Plainly, MCI's money wasn't enough - so now this. The beauty of this latest ruse is that News Corp raises money on the back of its stake in BSkyB, though not with that sub-species of usurer, but at the same time he maintains control over the shares and hence the company. Clever though not wholly original. He did something similar with his stake in Pearson. As with anything to do with News Corp, however, we're going to have to await the small print before deciding whether this is also a good deal for the investor.

Germany comes up with cartel nightmare

If the Germans can foist an independent central bank on the rest of us, modelled on their own Bundesbank, why stop there? Why not an independent cartel-busting authority based, let's say for the sake of convenience, on the Bundeskartellamt which just happens to be, ja, German.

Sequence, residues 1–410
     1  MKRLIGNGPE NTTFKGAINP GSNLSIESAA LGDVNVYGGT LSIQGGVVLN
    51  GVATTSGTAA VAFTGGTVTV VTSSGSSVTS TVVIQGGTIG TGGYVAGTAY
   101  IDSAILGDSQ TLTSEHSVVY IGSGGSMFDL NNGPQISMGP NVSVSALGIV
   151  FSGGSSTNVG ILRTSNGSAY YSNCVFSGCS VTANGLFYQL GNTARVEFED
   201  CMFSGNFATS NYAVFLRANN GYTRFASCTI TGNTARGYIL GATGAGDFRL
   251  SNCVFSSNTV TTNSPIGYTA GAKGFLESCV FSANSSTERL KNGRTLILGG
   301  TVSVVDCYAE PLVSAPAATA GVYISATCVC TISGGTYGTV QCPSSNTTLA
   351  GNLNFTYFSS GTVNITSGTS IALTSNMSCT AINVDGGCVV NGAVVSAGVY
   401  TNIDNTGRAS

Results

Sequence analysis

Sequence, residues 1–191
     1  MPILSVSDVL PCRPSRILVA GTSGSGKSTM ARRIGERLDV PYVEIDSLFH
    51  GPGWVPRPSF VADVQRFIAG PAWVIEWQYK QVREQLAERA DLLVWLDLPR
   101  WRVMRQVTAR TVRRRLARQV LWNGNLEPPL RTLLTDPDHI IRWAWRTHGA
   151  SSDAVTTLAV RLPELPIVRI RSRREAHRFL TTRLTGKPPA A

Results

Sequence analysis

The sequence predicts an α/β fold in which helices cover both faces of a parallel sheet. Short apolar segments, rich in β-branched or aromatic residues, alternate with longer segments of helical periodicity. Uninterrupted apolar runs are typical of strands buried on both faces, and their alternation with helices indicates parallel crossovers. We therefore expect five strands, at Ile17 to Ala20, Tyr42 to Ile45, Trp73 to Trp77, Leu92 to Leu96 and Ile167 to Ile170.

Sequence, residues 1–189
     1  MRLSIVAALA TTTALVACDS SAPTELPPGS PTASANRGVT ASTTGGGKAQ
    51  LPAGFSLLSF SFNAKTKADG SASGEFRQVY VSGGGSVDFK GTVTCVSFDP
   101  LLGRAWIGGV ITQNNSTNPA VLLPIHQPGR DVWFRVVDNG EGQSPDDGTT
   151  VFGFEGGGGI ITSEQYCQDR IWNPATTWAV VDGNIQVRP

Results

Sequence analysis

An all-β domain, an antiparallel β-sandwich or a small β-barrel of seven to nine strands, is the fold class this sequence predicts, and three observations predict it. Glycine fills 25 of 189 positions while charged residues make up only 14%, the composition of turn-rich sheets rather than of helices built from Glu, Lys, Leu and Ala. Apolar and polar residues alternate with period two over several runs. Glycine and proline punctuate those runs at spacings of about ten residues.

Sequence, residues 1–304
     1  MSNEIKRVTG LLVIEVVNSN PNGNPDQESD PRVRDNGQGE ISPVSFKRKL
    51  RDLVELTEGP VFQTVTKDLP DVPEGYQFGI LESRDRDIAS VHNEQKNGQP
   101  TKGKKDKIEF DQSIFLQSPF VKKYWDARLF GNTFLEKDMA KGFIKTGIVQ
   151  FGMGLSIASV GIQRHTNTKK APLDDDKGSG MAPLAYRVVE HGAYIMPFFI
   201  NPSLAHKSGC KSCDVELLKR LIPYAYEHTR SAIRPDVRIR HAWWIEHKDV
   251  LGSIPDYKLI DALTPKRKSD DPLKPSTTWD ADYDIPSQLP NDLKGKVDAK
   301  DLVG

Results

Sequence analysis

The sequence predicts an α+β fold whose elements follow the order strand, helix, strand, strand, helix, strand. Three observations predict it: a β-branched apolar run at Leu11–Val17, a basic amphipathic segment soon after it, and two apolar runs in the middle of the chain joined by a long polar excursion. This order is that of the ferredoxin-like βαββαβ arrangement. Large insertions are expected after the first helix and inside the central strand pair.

The idea of taking responsibility for vetting mergers away from all those sweaty politicians in Brussels with their mean little deal-in-the-corner, nationalistic calculations, and handing it to an independent agency, pure in mind and body and driven only by concern for what makes markets competitive, sounds wonderful in theory.

But reality has a way of rudely interrupting such reveries. And that is when the doubts begin to set in. For a start, is it really appropriate to divorce matters of some national importance, the ownership for instance of strategic businesses such as airlines or automobile companies, from legitimate political scrutiny?